[ ih-la-stis-i-tee, ee-la-stis- ]
/ ɪ læˈstɪs ɪ ti, ˌi læˈstɪs- /


the state or quality of being elastic.
flexibility; resilience; adaptability: a statement with a great elasticity of meaning.
buoyancy; ability to resist or overcome depression.
Physics. the property of a substance that enables it to change its length, volume, or shape in direct response to a force effecting such a change and to recover its original form upon the removal of the force.

Nearby words

  1. elastic strain,
  2. elastic tissue,
  3. elastic wave,
  4. elasticate,
  5. elasticin,
  6. elasticize,
  7. elasticized,
  8. elastin,
  9. elastofibroma,
  10. elastoid degeneration

Origin of elasticity

First recorded in 1655–65; elastic + -ity

Related formsnon·e·las·tic·i·ty, nounun·e·las·tic·i·ty, noun

Dictionary.com Unabridged Based on the Random House Unabridged Dictionary, © Random House, Inc. 2019

Examples from the Web for elasticity

British Dictionary definitions for elasticity


/ (ɪlæˈstɪsɪtɪ, ˌiːlæ-) /


the property of a body or substance that enables it to resume its original shape or size when a distorting force is removedSee also elastic limit
the state or quality of being elastic; flexibility or buoyancy
a measure of the sensitivity of demand for goods or services to changes in price or other marketing variables, such as advertising
Collins English Dictionary - Complete & Unabridged 2012 Digital Edition © William Collins Sons & Co. Ltd. 1979, 1986 © HarperCollins Publishers 1998, 2000, 2003, 2005, 2006, 2007, 2009, 2012

Word Origin and History for elasticity



1660s; see elastic + -ity.

Online Etymology Dictionary, © 2010 Douglas Harper

Medicine definitions for elasticity


[ ĭ-lă-stĭsĭ-tē, ē′lă- ]


The condition or property of being elastic; flexibility.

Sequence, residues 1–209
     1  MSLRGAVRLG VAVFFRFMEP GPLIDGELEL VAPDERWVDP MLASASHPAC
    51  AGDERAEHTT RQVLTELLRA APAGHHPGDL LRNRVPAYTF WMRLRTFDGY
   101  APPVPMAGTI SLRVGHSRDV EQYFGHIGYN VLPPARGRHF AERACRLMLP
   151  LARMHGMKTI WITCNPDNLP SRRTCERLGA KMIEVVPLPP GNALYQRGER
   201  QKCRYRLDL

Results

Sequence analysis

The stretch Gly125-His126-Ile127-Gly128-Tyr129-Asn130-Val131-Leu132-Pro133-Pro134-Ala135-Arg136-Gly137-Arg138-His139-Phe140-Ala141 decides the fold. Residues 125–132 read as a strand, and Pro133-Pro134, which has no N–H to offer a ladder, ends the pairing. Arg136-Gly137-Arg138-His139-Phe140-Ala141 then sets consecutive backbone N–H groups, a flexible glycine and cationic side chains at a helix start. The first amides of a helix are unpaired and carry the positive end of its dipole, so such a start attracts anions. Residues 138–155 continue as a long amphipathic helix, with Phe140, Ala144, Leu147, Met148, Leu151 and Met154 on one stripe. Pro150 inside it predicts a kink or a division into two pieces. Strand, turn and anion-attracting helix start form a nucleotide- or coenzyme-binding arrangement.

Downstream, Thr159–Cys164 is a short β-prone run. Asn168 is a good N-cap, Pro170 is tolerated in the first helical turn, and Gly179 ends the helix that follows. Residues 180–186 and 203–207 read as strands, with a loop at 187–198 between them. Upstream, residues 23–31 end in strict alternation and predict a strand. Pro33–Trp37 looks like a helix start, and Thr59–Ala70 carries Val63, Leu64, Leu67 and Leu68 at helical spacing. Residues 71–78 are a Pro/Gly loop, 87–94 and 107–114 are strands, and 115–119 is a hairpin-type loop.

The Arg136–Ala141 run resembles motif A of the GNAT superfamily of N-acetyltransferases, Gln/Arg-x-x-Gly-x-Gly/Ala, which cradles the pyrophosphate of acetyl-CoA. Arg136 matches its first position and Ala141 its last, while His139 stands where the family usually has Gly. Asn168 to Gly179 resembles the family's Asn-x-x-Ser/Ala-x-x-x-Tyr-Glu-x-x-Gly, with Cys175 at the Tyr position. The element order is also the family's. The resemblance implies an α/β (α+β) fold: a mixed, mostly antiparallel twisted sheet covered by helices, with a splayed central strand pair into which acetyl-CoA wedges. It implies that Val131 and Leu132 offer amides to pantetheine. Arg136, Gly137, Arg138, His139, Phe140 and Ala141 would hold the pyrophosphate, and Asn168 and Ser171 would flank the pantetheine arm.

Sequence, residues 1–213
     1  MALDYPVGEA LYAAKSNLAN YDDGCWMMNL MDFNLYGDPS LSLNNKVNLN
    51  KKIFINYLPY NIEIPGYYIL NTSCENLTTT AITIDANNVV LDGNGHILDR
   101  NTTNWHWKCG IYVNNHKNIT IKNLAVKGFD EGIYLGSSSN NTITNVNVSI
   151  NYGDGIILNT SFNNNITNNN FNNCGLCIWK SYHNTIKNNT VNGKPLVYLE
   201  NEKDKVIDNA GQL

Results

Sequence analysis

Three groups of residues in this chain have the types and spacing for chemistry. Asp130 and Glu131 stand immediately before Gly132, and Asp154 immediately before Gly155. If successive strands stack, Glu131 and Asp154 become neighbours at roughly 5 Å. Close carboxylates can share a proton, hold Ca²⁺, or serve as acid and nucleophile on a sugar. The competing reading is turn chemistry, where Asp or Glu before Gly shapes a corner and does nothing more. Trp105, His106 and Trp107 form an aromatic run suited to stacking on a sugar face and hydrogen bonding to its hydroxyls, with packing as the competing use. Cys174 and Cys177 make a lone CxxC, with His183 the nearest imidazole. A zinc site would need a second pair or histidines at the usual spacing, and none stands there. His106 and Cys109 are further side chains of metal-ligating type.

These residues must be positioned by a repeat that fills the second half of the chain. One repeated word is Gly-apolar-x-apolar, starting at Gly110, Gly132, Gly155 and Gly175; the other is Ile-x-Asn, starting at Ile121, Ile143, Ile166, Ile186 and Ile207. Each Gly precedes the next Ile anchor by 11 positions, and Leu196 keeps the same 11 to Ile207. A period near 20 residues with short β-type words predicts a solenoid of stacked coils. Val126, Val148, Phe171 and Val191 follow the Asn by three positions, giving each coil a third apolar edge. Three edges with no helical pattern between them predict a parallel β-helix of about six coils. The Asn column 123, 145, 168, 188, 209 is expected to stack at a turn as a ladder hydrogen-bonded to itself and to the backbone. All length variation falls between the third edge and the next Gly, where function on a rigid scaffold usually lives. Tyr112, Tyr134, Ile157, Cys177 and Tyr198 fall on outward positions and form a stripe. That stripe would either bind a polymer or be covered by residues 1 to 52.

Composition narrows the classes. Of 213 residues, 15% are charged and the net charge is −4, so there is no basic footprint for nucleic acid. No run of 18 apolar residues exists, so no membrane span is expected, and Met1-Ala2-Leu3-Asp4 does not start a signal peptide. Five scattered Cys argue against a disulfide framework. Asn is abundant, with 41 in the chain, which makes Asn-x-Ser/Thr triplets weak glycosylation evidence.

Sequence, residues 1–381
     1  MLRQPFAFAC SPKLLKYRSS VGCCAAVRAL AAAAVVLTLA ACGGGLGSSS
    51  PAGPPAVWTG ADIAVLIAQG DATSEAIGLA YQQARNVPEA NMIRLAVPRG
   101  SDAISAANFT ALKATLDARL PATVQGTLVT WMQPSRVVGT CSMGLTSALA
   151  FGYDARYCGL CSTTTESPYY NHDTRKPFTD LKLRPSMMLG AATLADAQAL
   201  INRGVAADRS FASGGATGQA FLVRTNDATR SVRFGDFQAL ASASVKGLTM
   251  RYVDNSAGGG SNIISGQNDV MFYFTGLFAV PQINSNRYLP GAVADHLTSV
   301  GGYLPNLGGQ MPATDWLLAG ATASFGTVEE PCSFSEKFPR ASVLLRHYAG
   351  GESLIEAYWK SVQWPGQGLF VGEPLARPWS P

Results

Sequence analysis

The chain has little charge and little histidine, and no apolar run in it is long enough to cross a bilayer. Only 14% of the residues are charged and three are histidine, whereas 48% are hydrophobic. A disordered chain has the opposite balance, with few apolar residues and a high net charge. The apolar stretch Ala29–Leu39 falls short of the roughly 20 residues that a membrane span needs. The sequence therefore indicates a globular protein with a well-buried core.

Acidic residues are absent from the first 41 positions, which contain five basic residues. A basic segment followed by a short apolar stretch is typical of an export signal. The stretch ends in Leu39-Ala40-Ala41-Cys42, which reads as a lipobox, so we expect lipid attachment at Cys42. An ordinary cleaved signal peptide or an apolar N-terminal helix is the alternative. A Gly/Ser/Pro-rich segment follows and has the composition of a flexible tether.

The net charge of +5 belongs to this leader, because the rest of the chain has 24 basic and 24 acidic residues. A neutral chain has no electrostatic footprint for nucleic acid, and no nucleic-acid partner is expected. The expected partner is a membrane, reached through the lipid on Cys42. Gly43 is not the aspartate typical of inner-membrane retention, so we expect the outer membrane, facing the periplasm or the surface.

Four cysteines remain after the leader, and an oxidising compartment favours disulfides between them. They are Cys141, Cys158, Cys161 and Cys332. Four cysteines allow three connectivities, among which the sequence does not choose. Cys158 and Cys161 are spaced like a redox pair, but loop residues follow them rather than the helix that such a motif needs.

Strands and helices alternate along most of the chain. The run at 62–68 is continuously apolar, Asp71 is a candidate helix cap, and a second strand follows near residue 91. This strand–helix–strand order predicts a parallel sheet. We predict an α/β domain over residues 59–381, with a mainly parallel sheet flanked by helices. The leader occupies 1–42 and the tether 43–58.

The property of returning to an initial form or state following deformation.

The American Heritage® Stedman's Medical Dictionary Copyright © 2002, 2001, 1995 by Houghton Mifflin Company. Published by Houghton Mifflin Company.

Science definitions for elasticity


[ ĭ-lă-stĭsĭ-tē ]

The ability of a solid to return to its original shape or form after being subject to strain. Most solid materials display elasticity, up to a load point called the elastic limit; loads higher than this limit cause permanent deformation of the material. See also Hooke's law.
The American Heritage® Science Dictionary Copyright © 2011. Published by Houghton Mifflin Harcourt Publishing Company. All rights reserved.

Culture definitions for elasticity


A shift in either demand or supply of a good or service depending on its price. Demand is said to be elastic when it responds quickly to changes in prices, and inelastic when it responds sluggishly.

The property of a material that allows it to return to its original shape after having been deformed and to exert a force while deformed. (See stress.)

The New Dictionary of Cultural Literacy, Third Edition Copyright © 2005 by Houghton Mifflin Harcourt Publishing Company. Published by Houghton Mifflin Harcourt Publishing Company. All rights reserved.